Blood shortage has been a perennial problem in this country. Last year, Kenya Red Cross made multiple appeals for blood donations via Social media, pointing to a serious shortage in hospitals.
While launching an urgent appeal for blood donations at the end of last year, Busia County Referral Hospital revealed that lives had been lost in the health facility due to lack of blood.
For long, blood collection programmes in Kenya were funded by the US President’s Emergency Plan for Aids Relief (Pepfar). However, the programme was adversely affected after Pepfar withdrew funding in September 2019.
Considering that at least 80 per cent of the funding was done by Pepfar, it is easy to understand why Kenyan hospitals have been facing a blood supply crisis.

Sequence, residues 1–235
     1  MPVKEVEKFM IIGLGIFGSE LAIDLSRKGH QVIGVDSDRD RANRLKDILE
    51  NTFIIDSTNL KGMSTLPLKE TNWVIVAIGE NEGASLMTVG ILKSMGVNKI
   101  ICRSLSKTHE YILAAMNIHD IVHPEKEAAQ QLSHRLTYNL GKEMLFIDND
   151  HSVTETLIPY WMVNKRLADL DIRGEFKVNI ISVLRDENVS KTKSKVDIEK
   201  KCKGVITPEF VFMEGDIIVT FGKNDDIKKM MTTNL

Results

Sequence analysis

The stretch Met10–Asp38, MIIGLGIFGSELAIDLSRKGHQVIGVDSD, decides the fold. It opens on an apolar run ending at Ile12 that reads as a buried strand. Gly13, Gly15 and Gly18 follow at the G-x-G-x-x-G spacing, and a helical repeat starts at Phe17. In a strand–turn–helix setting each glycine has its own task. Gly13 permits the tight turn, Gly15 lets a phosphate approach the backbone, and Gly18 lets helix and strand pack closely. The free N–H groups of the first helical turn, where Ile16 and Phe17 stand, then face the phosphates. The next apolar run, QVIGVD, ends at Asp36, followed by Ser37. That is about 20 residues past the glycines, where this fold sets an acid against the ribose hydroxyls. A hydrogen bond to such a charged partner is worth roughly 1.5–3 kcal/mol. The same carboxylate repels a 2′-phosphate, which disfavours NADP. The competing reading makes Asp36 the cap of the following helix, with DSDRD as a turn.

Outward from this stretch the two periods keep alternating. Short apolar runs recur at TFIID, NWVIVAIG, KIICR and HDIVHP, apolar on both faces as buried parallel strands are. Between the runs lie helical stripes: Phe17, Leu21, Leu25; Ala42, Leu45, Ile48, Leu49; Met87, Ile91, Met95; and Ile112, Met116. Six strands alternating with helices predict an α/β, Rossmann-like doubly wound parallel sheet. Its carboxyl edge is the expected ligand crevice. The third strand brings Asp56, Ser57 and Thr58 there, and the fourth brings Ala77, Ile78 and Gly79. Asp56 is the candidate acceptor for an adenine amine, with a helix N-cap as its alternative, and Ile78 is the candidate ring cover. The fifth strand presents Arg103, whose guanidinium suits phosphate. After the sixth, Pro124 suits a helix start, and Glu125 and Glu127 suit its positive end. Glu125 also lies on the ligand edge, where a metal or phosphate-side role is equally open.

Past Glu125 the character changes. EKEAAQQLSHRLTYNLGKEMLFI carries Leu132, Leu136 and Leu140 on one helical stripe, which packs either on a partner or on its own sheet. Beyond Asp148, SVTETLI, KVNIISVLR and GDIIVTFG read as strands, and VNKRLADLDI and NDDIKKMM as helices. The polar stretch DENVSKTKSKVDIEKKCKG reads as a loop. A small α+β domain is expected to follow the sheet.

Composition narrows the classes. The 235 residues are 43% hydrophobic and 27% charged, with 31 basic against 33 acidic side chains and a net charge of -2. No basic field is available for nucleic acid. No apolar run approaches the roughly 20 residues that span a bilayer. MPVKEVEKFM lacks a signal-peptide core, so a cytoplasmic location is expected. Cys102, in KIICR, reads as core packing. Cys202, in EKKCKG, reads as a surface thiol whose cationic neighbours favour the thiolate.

Most of the time when patients need transfusion urgently, hospitals ask their relatives to donate blood to save their lives. This should not be the case. Ideally, blood should be readily available for those who need it.
Kenyans have been hesitant to donate blood partly due to claims that some the blood is sold, sometimes as far as Somalia.
But now there is no reason to fear now.
According to Kenya National Blood Transfusion Service, new technology has changed how blood donation is done.
Through the Blood Information Management System, the donor will be able to know who has been transfused with his or her blood and in which hospital.
The new technology, therefore, gives assurance that the donated blood will not end up saving lives far away in Somalia while Kenyans are dying for lack of the same.
You have no excuse not to donate blood to ensure that our hospitals have enough of it. There is nothing nobler than saving a life.
Go ahead and donate blood today.